Bringing The World Home To You

© 2024 WUNC North Carolina Public Radio
120 Friday Center Dr
Chapel Hill, NC 27517
919.445.9150 | 800.962.9862
Play Live Radio
Next Up:
0:00 0:00
Available On Air Stations

NFL partners with UNC, other universities for head impact research

A sensor-lined mouth guard is part of an NFL pilot program to measure hits to the head players encounter on the field.
Courtesy of UNC Athletics

Almost a decade ago, concussion research from UNC-Chapel Hill — and now-Chancellor Dr. Kevin Guskiewicz — led the NFL, and later college football, to change kickoff rules to limit especially hard hits.

Now, researchers with the Matthew Gfeller Center at UNC are working with the NFL and four universities to analyze the impact of contact to players’ heads.

Sensors built into custom-fit mouth guards help measure impacts while players are on the field. The NFL says gathering data will help inform injury reduction efforts at the professional and collegiate levels.

So far, 10 NFL teams are using the sensors.

In addition to UNC-Chapel Hill, the universities of Alabama, Washington and Wisconsin also outfitted players with the high-tech mouth guards this season. They'll each get a complex breakdown of the data. The NFL says it plans to expand the program to more universities.

The sensors collect data on the speed, direction, force, location and severity of impact. The league says it will help inform rule changes and could lead to better equipment, like position-specific helmets.

Dr. Jason Mihalik, co-directorof the Matthew Gfeller Center, says using sensors in mouth guards to detect contact to the head could be widely applied.

“We are also looking at the efficacy of a mouth guard-based product that would allow us to then expand our work of head impact forces, and look at different athletes,” Mihalik said. “Are there athletes that might be at risk for concussions, including our lacrosse athletes, and our field hockey and our soccer, and so on and so forth.”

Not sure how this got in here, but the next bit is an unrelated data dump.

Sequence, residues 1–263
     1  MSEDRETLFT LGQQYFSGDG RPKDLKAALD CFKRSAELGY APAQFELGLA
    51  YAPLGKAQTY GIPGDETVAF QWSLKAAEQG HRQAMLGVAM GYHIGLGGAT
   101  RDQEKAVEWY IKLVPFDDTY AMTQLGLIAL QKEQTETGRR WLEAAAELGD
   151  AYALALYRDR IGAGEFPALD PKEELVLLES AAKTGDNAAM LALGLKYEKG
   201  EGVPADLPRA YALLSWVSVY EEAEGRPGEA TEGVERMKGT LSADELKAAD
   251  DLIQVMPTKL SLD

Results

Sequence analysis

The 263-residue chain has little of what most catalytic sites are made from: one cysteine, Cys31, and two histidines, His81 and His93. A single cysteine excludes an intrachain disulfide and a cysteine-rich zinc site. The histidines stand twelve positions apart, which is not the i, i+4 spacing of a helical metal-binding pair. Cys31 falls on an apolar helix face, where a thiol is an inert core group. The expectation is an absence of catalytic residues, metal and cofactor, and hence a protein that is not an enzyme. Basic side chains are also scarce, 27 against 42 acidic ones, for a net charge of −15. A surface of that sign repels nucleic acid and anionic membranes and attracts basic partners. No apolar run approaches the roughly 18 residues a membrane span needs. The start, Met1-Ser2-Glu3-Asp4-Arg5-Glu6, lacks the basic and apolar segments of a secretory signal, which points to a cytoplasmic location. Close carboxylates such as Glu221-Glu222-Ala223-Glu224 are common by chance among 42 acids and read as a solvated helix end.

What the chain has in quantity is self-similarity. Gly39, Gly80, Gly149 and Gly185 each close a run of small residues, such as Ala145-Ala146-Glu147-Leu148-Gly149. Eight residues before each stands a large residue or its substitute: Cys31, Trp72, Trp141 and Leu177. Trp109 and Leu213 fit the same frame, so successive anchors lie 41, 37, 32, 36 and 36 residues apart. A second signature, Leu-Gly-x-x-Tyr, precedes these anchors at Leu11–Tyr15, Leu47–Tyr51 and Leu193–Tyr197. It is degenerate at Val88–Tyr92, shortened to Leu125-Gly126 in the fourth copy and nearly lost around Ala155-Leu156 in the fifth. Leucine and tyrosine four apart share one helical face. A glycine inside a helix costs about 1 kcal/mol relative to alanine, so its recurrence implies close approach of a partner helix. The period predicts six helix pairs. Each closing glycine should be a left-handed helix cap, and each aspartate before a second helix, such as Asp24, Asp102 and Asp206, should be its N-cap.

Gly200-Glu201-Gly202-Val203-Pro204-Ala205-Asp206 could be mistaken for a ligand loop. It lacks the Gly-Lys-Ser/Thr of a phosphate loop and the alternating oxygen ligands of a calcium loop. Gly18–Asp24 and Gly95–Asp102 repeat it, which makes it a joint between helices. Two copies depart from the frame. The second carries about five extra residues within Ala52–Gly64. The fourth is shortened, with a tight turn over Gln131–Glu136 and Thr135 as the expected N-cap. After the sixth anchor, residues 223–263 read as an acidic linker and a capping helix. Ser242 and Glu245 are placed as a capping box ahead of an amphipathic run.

Further research could help resolve debates, like whether it would be safer for women lacrosse players to wear helmets. It could also show if certain temperatures or fatigue affect a players' ability to ward off a concussion from a hard hit.

Mihalik said the research goes beyond what the Gfeller Center has done so far. By measuring the hits and impacts to players through multiple methods — like using mouth guard sensors, video and other performance data — researchers will be able to learn much more about the kinds of hits that are most severe.

“Not just from a how-hard-are-they-getting-hit standpoint," Mihalik said. "But what are the things they’re experiencing in participation that might lead to a scenario where they get very hard, versus a scenario where they don’t.”

Cole del Charco is an audio producer and writer based in Durham. He's made stories for public radio's All Things Considered, Morning Edition and Marketplace. Before joining Due South, he spent time as a freelance journalist, an education and daily news reporter for WUNC, and a podcast producer for WFAE in Charlotte.
More Stories